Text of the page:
ASHLEY MCDONALD

English II | Westside High School (2020-21), Bellaire High School (21-22) | Houston ISD

Charles Butt Scholar Alum, Rice University

As the 2020-21 school year came to an end, ten Charles Butt Scholar alumni in their first years as Texas teachers shared their learnings and reflections with us. The stories, struggles, and triumphs showcased in this Q&A portfolio provide an honest look at what it’s like to be a new teacher.

Q What have you seen over the course of this school year that gives you hope/optimism about Texas public schools?

A Throughout the school year, I’ve seen students coming in person ready to connect with others, which gives me hope for this coming school year. I know that many are nervous that the social and emotional growth of students has been terribly stunted due to virtual school, but I’ve noticed that students are coming to school ready to talk and interact for the most part. I was expecting absolute silence and little initiative to interact when my students started to arrive in person, but my students have been actively looking for opportunities to talk. While I definitely do have some students who are very shy and quiet, they are slowly coming out of their shell and are eager to answer questions when asked. I don’t know what the upcoming school year will look like, but I’m hopeful that it’ll be filled with the talking, laughing, and joking that my students and I have been missing dearly.

Q What advice or encouragement do you have for teachers starting their careers in the 2021-22 school year?

A Don’t be afraid to ask for help! I know we tell our kids to ask questions all the time, but it’s equally important for teachers too. Especially when starting your teaching career, there’s a learning curve that is much easier to handle if you reach out to others for help. With the current teaching environment, we’re all in, we all feel like new teachers and need to collaborate and turn to each other for help.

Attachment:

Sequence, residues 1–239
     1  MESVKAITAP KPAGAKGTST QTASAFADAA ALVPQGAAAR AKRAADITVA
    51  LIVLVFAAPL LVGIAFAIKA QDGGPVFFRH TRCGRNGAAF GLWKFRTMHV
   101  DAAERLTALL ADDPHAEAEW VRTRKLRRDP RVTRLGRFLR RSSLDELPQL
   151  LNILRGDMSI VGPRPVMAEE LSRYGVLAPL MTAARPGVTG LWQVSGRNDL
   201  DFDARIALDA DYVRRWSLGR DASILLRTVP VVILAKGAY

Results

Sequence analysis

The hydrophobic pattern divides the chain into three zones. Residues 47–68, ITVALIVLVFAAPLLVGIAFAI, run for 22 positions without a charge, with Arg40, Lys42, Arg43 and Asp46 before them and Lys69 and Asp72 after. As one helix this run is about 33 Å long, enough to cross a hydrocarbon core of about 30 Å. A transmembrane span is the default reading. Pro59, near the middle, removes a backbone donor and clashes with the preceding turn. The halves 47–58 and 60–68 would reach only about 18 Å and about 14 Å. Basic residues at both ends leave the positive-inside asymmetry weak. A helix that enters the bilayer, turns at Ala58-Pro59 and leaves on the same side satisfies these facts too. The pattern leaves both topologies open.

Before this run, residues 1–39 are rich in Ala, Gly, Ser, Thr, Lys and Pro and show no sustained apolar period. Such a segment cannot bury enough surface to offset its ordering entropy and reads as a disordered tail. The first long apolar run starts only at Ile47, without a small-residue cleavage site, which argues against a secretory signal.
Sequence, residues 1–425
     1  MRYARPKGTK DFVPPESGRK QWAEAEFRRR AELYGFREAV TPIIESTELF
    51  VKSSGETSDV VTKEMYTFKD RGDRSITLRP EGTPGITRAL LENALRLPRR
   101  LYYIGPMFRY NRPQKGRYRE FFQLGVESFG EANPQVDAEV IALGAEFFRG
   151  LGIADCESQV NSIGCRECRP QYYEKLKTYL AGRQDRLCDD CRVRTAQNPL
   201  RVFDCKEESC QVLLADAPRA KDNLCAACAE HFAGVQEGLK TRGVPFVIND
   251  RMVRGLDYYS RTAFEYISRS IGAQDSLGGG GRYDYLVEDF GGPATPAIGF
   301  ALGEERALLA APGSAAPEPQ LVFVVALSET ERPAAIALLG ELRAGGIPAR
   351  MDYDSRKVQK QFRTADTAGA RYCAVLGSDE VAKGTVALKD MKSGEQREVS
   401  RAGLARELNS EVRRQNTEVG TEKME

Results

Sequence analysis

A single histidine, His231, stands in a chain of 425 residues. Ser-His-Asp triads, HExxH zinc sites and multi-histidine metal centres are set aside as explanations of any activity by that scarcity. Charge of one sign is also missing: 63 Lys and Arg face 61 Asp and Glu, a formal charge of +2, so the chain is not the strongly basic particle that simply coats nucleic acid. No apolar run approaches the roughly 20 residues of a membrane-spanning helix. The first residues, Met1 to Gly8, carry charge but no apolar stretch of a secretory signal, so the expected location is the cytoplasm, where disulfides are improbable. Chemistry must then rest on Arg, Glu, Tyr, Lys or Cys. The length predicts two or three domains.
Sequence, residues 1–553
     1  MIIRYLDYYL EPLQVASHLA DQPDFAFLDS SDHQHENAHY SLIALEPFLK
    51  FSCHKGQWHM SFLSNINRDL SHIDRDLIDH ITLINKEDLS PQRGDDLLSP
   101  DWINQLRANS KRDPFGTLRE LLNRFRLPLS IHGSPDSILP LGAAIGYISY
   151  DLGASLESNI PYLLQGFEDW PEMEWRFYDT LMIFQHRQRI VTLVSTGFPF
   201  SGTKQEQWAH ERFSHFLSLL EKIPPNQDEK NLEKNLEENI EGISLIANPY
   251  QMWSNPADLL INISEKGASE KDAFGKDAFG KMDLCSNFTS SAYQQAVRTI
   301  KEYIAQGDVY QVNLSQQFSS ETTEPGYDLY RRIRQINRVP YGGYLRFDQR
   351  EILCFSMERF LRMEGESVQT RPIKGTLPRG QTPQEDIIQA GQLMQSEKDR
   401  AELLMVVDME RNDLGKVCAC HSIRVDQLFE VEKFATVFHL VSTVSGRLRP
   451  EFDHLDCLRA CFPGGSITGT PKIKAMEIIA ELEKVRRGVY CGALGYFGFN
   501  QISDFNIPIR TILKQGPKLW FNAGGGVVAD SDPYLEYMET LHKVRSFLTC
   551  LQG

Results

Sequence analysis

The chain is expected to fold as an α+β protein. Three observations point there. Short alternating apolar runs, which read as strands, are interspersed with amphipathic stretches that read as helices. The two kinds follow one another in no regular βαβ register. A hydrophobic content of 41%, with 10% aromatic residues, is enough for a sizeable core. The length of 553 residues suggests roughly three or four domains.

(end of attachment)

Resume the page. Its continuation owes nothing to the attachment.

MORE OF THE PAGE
Q Thinking about the 2020-21 school year as a whole, what was your greatest lesson, either about teaching or yourself as a professional?

A My greatest lesson has been that you don’t need to be the perfect teacher. Especially at the beginning of the school year, I felt pressure to be an outstanding teacher. Usually, I put this pressure on myself, but I also felt like the kids deserved an outstanding teacher because of the circumstances and the terrible things some of them were going through. We all knew that learning on an online platform isn’t ideal for everyone, so I thought I had to be perfect and constantly innovative and engaging in order for my students to learn anything or even remotely enjoy school.

However, now that it’s May, I’m quickly seeing that it doesn’t matter how “perfect” my lesson plans are or how many fancy programs I can fit into a lesson. What’s mattered to them is that someone cares even though that someone is behind a screen (or if the student is in person, that someone is talking to a screen the majority of the time). With the pandemic and sudden isolation and social distancing we’ve found ourselves in, my kids feel lonely and unheard. Building relationships has always been the name of the game when you’re a teacher, but I let my pride and ego get the best of me in the beginning and thought I had to be perfect. In reality, I just needed to be myself and share my personality with them. I guess, in the end, that could be the definition of the “perfect” teacher: a teacher who cares and makes sure that their students know that they care, because that feeling of being loved and cared for is what the students are going to remember.

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